He continually blamed Mason and her husband for scamming Bentley – making it seem as if he was blaming the whole embarrassing scene on her. He also continued to use the term “female” when describing Mason, which made the whole thing seem way too misogynistic.

But it was an attack on just one woman instead of all women, so maybe it was some progress.

Anti-Life Legislation

For a group of lawmakers who spend so much time explaining how precious life is, Alabama Republicans sure do like to kill people.

Two bills this week prove my point. One speeds up the process for killing an inmate on death row and the other broadens the way in which we can kill death row inmates.

The first bill takes quite a bit of gall from a State that has watched as two death row inmates in the last three years have been exonerated after lengthy prison stays when wrongly convicted. Attorneys working with other death row inmates on appeals believe there could be more freed through technology advancements.

I’m not anti-death penalty. But I am pro-being absolutely certain a guy is guilty of an awful crime. After our failures over a number of years, it seems that shortening the appeals process could make it more likely that an innocent man is put to death.

And he’ll have a new manner in which to die.

Sen. Trip Pittman, who apparently has taken up studying weird ways to kill people legally as a hobby, pushed a bill through the Senate that would allow prisoners to choose nitrogen gas as a means of death.

Pittman’s original bill would have allowed death by firing squad, so as hard as it might be to believe, nitrogen was an improvement.

We Did It!

There were also two good bills – those do exist, believe it or not – that passed the House. One mandates insurance coverage for Autistic children and the other would have guaranteed church daycares were also licensed by the state. Both passed easily.

But it was the self-congratulations that occurred after those bills passed that was really something to see. House members acted as if they’d just rolled back controversial civil rights impediments.

Making sure sick kids get proper medical care and ensuring children in daycares are safe as possible aren’t great victories for competent government. They’re literally the least you can do.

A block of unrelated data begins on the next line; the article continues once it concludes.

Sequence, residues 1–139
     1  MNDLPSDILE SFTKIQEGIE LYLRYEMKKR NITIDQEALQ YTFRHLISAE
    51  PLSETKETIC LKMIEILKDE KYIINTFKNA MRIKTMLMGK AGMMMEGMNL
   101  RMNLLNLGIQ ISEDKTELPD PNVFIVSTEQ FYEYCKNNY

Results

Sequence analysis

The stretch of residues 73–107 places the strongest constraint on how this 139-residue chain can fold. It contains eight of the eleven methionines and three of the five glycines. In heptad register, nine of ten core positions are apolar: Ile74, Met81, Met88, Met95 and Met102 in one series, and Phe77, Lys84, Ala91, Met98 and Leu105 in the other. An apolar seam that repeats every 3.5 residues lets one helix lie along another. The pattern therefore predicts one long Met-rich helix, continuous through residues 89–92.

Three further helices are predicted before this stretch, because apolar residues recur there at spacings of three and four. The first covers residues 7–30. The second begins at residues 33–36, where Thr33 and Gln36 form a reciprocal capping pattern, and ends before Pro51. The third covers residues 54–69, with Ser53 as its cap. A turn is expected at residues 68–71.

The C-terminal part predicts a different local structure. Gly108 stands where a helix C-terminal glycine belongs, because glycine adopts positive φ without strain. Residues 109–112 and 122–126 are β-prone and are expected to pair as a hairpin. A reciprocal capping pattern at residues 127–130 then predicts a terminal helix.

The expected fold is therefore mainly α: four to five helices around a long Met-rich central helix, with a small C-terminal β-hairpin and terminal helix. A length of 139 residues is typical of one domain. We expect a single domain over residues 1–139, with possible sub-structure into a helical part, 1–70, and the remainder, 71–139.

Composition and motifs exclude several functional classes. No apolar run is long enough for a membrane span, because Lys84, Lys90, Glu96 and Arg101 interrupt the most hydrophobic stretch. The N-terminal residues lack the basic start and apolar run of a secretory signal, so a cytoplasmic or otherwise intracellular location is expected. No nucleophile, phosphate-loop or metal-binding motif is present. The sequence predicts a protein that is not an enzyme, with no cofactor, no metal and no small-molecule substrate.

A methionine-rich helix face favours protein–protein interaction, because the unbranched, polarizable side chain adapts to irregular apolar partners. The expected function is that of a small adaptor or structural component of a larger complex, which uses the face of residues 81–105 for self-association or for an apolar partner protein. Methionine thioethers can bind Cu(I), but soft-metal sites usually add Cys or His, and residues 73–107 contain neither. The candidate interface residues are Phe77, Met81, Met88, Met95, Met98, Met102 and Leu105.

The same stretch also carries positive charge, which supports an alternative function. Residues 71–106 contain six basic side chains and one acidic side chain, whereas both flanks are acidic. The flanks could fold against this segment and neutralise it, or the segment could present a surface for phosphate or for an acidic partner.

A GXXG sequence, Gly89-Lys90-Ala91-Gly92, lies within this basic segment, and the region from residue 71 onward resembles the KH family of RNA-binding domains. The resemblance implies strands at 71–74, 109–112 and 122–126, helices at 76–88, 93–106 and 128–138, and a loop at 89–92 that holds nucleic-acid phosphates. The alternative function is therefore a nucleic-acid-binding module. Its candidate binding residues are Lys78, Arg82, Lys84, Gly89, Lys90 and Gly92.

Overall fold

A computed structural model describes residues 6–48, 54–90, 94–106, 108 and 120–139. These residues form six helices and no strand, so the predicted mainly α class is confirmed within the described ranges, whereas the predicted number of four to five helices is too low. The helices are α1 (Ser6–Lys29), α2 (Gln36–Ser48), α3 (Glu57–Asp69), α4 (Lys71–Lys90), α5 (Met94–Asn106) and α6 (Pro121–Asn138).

And if we’re honest about it, you didn’t really do that great. The Autism coverage was tweaked and caps put in place. And the daycare bill grandfathered in existing church daycares.

What was more important to conservative lawmakers than the health and safety of children?

The healthy bottom lines of major companies and churches.

Big Finish

One of the worst things to occur all week was the passage by the Senate of a bill removing the requirement for a permit to concealed carry a firearm in the State. Sheriffs across Alabama spoke out against this, calling it a serious safety issue, but it didn’t matter. Making it even worse: lawmakers voted down an amendment that would have kept in place a requirement that people with a documented history of mental illness would still have to receive the permits.

Very soon, the marriage license could be a thing of the past. Having already passed the Senate, a bill that would abolish the license and sub in a marriage certificate instead passed out of the House Judiciary Committee this week. What’s the difference, you ask. None. But people get to feel better about a symbolic (it appears) strike back at gay people. So, congrats.

And finally, the Senate also voted to ban physician assisted suicide. When it was discussed in committee, it became apparent that such a ban would be very tricky to enforce, and some Republicans expressed deep concerns over the appropriateness of telling someone who is suffering with a terminal illness that he or she can’t humanely stop their pain and end their life. Luckily, they stamped out that bit of compassion and humanity on Thursday.